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Stress Can Limit Emotional Intelligence, Workplace Success

Armen Hareyan's picture

According to a new poll stress has a detrimental impact on our emotional intelligence (EI) and this can spell professional problems for working Americans.

A strong emotional intelligence can help build positive relationships with colleagues and improve performance -- the ideal formula for workplace success. But if stress prevents us from being aware of and controlling our emotions, getting along with others, adapting to changes and maintaining apositive mood, then our EI is going to suffer. In fact, it has been scientifically demonstrated that emotional intelligence is actually more important in predicting success in the workplace than IQ (cognitive intelligence)(1).

The poll results demonstrate that more than half of working Americans (55 percent) are not familiar with emotional intelligence and its impact on their professional success, and 48 percent are not familiar with the negative effect stress has on their emotional intelligence.

Americans from all walks of working life are feeling stressed

Overall, 42 percent of working Americans -- be them blue collar, service or professional workers -- say they frequently experience stress in the workplace (as a result of work or personal experiences).

And more than half say stress is putting them to the test -- not just physically, but psychologically and behaviorally too:

-- Physically: 54 percent of working Americans say they experience headaches, clenched jaws, indigestion, constipation or diarrhea, increased perspiration and fatigue or insomnia due to stress

-- Psychologically: 59 percent of working Americans experience anxiety, irritability with co-workers, defensiveness, anger, mood swings and feelings of helplessness or of being trapped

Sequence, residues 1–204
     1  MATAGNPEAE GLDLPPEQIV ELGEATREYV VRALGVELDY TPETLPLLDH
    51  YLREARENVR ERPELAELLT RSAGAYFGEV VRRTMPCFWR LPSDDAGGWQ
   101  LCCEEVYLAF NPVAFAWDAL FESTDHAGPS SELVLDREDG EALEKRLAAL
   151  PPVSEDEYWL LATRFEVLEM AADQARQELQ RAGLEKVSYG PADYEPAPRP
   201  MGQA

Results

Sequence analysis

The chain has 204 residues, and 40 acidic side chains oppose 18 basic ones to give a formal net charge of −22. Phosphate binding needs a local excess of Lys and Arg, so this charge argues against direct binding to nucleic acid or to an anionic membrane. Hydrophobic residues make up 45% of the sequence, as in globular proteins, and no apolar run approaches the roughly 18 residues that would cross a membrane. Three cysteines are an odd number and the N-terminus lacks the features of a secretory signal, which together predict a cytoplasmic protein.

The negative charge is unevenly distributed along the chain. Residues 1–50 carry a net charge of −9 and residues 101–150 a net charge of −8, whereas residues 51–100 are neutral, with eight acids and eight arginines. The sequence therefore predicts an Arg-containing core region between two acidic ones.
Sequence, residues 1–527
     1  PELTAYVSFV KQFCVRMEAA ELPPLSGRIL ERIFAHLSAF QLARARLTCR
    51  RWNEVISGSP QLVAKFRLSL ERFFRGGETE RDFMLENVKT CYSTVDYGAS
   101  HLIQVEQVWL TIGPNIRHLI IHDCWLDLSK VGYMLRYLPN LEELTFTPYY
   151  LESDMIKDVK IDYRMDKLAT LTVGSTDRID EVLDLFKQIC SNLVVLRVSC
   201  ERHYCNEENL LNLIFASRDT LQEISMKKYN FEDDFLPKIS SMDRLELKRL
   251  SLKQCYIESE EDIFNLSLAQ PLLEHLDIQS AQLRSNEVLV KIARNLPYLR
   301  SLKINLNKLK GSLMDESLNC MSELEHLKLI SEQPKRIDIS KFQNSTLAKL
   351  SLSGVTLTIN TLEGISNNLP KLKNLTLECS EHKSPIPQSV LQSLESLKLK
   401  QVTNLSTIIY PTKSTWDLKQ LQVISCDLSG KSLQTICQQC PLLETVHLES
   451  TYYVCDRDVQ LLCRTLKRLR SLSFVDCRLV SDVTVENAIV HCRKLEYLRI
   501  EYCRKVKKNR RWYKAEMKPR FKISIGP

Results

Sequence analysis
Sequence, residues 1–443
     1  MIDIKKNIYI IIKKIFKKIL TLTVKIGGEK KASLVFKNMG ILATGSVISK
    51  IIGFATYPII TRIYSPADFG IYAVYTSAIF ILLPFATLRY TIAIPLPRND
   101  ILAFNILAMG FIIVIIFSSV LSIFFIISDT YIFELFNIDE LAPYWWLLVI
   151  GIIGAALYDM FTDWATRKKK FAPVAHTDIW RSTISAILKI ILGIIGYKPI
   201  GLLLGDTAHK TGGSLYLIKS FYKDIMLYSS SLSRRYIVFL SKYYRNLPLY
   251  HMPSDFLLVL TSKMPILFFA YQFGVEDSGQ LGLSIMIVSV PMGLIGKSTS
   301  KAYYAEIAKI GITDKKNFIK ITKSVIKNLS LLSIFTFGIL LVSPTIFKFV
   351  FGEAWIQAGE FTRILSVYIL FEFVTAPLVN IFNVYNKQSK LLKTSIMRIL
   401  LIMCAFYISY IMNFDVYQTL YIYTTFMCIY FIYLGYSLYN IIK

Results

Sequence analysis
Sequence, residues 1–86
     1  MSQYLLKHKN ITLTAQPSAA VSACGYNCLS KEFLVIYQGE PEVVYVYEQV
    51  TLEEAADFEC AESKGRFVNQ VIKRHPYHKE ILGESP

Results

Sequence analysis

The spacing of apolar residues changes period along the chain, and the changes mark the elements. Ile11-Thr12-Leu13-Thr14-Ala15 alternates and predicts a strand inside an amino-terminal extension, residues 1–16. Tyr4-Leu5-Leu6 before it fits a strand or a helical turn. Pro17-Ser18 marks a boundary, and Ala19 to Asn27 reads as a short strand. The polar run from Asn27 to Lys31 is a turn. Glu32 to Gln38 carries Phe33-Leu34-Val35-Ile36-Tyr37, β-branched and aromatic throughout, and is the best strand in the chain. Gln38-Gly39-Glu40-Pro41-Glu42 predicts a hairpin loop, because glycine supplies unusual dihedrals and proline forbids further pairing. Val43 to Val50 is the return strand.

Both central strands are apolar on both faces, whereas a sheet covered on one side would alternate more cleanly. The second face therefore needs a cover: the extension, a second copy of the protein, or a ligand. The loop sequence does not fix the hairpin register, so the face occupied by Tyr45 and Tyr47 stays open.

-- Behaviorally: 54 percent say stress in the workplace makes them impatient, procrastinate, quick to argue, withdraw or isolate themselves from others, neglect responsibility and perform poorly

Then 32 percent say stress has prevented them from being recognized for their contribution at work and 27 percent say it has prevented them from being moved up in their organization or company. This may be due to:

-- Fifty-three percent of American workers saying stress negatively affects their productivity in the workplace

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-- Fifty-three percent saying stress negatively affects their relationship with co-workers

-- Forty-seven percent saying stress negatively affects their workplace decision-making

"The good news is, you can learn or improve your emotional skills at any time in your life -- even in the presence of stress," says Dr. Stein, president and CEO of Multi-Health Systems, Inc. "Unlike IQ, a person's EI is not set in stone. If individuals monitor and interpret their emotions and the emotions of others, then apply that knowledge to better succeed in dealing with the world around them, they have a better chance of experiencing workplace success."

A study conducted in 2002 demonstrates that managers who had higher levels of emotional intelligence reported less subjective stress and demonstrated better management performance. It also suggests that EI may play an important role in mitigating the impact of stress.

How to move the meter on your emotional intelligence

Multi-Health Systems publishes The Bar-On Emotional Quotient inventory (EQ-i) that measures 15 factors often regarded as the building blocks of complex working skills. They are:

-- Intra-personal skills such as emotional-self awareness, assertiveness, self-regard, self-actualization and independence

-- Inter-personal skills such as empathy, interpersonal relationships and social responsibility

-- Stress management skills such as stress tolerance and impulse control

-- Adaptability such as problem-solving, reality testing and flexibility

-- General mood such as happiness and optimism.

"By pinpointing these underlying skill sets, individuals can work to improve their performance both in their personal and professional lives," says Dr. Stein. "In fact, EI training might be a means of reducing stress, thus helping to fuel workplace success."